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World reacts to Prince Philip’s death

By The Associated Press

Troy Warren #picks-all


 

FILE – In this Wednesday Aug. 2, 2017 file photo, Britain’s Prince Philip, in his role as Captain General of the Royal Marines, attends a Parade on the forecourt of Buckingham Palace, in central London. Buckingham Palace says Prince Philip, husband of Queen Elizabeth II, has died aged 99. (Hannah McKay/Pool via AP, File)

World leaders are reacting to Friday’s news that Prince Philip is dead at the age of 99.

Former Prime Minister Tony Blair expressed his condolences, praising Philip’s role as royal consort as well as his charitable works.

Blair described Philip, also known as the Duke of Edinburgh, as a man who was way ahead of his time in fighting for the protection of the environment, reconciliation among religious faiths and in the creation of programs to help young people.

“Our whole nation will be united in sadness at the passing of Prince Philip,’’ Blair said in a statement. “He will naturally be most recognized as a remarkable and steadfast support to the Queen over so many years. However, he should also be remembered and celebrated in his own right as a man of foresight, determination and courage.”

Former U.S. President George W. Bush praised Philip’s devotion to worthy causes and to others in a statement issued on behalf of himself and his wife, Laura.

“He represented the United Kingdom with dignity and brought boundless strength and support to the sovereign. Laura and I are fortunate to have enjoyed the charm and wit of his company, and we know how much he will be missed,” Bush said.

He added he and his wife offer heartfelt condolences to Queen Elizabeth II and the rest of Philip’s family.

France’s Europe minister, Clement Beaune tweeted, “Prince Philip was a grand figure of the century for the United Kingdom,” following his death at age 99.

“Thoughts and friendship toward the British people,” Beaune added.

News of Philip’s death is trending in France but the immediate reaction was muted in this staunchly republican country.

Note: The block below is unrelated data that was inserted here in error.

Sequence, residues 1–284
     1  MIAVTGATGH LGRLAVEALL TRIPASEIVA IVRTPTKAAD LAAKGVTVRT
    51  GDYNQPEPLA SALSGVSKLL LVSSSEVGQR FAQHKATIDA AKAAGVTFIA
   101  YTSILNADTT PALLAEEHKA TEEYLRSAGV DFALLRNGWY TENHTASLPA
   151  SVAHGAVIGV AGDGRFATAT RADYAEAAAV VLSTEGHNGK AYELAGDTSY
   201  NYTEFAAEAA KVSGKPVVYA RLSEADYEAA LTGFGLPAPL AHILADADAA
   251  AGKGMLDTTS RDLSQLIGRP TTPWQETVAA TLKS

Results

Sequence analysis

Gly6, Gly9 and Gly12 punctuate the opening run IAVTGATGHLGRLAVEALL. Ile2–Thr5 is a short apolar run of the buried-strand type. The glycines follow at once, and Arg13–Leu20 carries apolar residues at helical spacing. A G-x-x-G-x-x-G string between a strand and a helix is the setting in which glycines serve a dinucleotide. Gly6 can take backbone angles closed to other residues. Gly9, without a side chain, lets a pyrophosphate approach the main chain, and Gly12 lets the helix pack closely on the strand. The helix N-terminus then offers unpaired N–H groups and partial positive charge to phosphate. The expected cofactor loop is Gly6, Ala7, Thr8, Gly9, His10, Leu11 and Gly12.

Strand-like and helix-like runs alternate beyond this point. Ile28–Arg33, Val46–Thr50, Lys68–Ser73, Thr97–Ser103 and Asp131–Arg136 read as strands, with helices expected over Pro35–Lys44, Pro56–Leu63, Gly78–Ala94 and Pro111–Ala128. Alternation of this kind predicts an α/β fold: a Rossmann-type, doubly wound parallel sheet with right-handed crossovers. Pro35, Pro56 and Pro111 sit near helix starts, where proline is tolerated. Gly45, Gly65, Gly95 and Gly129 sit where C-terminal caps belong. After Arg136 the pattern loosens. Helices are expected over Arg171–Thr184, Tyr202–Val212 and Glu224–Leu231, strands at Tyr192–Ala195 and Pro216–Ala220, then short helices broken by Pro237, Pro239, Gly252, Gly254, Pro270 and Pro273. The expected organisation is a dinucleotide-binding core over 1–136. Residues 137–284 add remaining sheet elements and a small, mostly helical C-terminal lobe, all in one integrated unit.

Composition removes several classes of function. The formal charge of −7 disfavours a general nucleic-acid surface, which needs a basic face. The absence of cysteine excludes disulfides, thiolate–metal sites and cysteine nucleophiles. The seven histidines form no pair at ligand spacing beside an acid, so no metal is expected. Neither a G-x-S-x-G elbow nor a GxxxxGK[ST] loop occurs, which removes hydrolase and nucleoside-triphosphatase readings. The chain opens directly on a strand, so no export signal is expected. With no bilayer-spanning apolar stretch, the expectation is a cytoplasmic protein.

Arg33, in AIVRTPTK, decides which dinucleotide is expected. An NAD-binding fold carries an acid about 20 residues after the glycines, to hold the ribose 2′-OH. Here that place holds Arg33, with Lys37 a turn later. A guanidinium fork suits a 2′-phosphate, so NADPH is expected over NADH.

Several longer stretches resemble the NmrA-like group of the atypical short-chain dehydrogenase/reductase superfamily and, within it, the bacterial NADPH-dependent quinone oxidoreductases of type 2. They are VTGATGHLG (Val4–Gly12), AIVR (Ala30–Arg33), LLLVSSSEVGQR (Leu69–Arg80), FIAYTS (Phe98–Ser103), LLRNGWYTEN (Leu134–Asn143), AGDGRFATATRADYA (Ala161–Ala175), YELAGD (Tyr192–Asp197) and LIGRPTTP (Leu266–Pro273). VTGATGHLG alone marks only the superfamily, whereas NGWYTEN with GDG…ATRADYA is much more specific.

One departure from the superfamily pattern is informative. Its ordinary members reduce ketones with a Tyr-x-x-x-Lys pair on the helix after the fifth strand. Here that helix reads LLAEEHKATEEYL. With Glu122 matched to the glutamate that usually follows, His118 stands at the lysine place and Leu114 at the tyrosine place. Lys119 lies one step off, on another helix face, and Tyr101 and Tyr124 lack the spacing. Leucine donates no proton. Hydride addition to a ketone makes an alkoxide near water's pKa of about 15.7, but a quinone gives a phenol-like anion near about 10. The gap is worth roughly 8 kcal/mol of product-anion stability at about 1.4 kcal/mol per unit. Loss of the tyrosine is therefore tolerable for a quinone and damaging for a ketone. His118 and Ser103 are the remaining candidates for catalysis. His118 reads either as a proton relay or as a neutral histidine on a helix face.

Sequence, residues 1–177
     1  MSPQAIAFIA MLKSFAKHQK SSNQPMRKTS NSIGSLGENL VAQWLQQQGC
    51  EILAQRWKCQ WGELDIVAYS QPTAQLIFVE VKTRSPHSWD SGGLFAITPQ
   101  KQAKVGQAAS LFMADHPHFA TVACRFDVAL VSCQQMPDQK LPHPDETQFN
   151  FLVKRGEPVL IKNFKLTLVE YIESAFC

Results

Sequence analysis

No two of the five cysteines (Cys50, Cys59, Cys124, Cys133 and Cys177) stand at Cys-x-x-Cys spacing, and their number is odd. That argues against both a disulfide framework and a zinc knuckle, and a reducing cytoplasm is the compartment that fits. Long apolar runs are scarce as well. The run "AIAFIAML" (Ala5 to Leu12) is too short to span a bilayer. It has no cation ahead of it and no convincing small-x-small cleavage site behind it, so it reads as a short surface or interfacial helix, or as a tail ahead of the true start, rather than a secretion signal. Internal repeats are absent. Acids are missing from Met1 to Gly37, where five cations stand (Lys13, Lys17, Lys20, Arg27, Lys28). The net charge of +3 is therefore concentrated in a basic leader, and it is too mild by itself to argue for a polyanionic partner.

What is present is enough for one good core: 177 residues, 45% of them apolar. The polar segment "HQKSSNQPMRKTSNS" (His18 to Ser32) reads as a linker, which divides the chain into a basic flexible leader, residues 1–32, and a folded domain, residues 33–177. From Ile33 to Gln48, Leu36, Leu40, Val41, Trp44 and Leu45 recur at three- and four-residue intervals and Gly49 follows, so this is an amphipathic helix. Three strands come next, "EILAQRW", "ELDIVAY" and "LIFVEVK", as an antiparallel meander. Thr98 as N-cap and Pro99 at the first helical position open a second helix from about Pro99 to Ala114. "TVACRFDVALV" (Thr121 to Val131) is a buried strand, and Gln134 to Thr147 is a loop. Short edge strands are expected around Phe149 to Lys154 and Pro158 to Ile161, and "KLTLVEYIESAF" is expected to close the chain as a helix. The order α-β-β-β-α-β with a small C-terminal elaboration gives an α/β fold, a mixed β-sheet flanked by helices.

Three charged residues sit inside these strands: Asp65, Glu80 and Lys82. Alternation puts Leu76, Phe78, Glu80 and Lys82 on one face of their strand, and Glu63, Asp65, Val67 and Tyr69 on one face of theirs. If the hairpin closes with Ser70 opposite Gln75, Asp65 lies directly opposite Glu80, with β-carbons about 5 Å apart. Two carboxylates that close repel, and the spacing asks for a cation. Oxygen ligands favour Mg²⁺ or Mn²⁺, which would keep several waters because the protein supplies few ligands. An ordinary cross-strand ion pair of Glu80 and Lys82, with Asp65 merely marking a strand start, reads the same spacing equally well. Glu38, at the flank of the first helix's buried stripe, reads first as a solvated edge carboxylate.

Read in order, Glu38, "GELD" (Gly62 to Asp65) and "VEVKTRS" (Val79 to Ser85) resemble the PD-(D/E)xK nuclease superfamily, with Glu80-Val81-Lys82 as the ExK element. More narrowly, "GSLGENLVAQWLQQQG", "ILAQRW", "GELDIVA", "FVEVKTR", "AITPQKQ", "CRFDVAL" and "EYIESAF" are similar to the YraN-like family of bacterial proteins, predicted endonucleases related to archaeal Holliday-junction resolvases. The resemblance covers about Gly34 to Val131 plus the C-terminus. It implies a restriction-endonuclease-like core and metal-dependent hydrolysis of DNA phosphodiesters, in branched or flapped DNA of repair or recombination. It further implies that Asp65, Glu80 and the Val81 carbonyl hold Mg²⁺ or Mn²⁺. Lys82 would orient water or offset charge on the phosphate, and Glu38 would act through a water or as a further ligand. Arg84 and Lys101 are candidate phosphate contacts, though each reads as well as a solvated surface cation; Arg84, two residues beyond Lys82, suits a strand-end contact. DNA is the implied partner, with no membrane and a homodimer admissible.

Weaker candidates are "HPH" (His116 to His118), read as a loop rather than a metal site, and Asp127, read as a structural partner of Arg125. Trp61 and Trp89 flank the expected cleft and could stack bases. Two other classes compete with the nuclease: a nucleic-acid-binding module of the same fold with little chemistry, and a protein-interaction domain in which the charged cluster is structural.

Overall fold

Britain began mourning Philip’s death on Friday from the moment the BBC interrupted scheduled programming to broadcast the national anthem, “God Save the Queen.”


 

Soon after the announcement, people began to line up outside Buckingham Palace to see the official death notice that had been attached to the gate. The flag at the palace, the queen’s residence in London, was lowered to half-staff. 

British Prime Minister Boris Johnson said Philip “earned the affection of generations here in Britain, across the Commonwealth and around the world.’’

“Like the expert carriage driver that he was, he helped to steer the royal family and the monarchy so that it remains an institution indisputably vital to the balance and happiness of our national life,’’ Johnson said.

Keir Starmer, leader of the opposition Labour Party, was among the first to offer his condolences, noting Philip’s long record of public service, first as as a naval officer during World War II then during more than 70 years of marriage to the queen.

“He will be remembered most of all for his extraordinary commitment and devotion to The Queen,” Starmer said in a statement. 

“For more than seven decades, he has been at her side. Their marriage has been a symbol of strength, stability and hope, even as the world around them changed — most recently during the pandemic. It was a partnership that inspired millions in Britain and beyond.”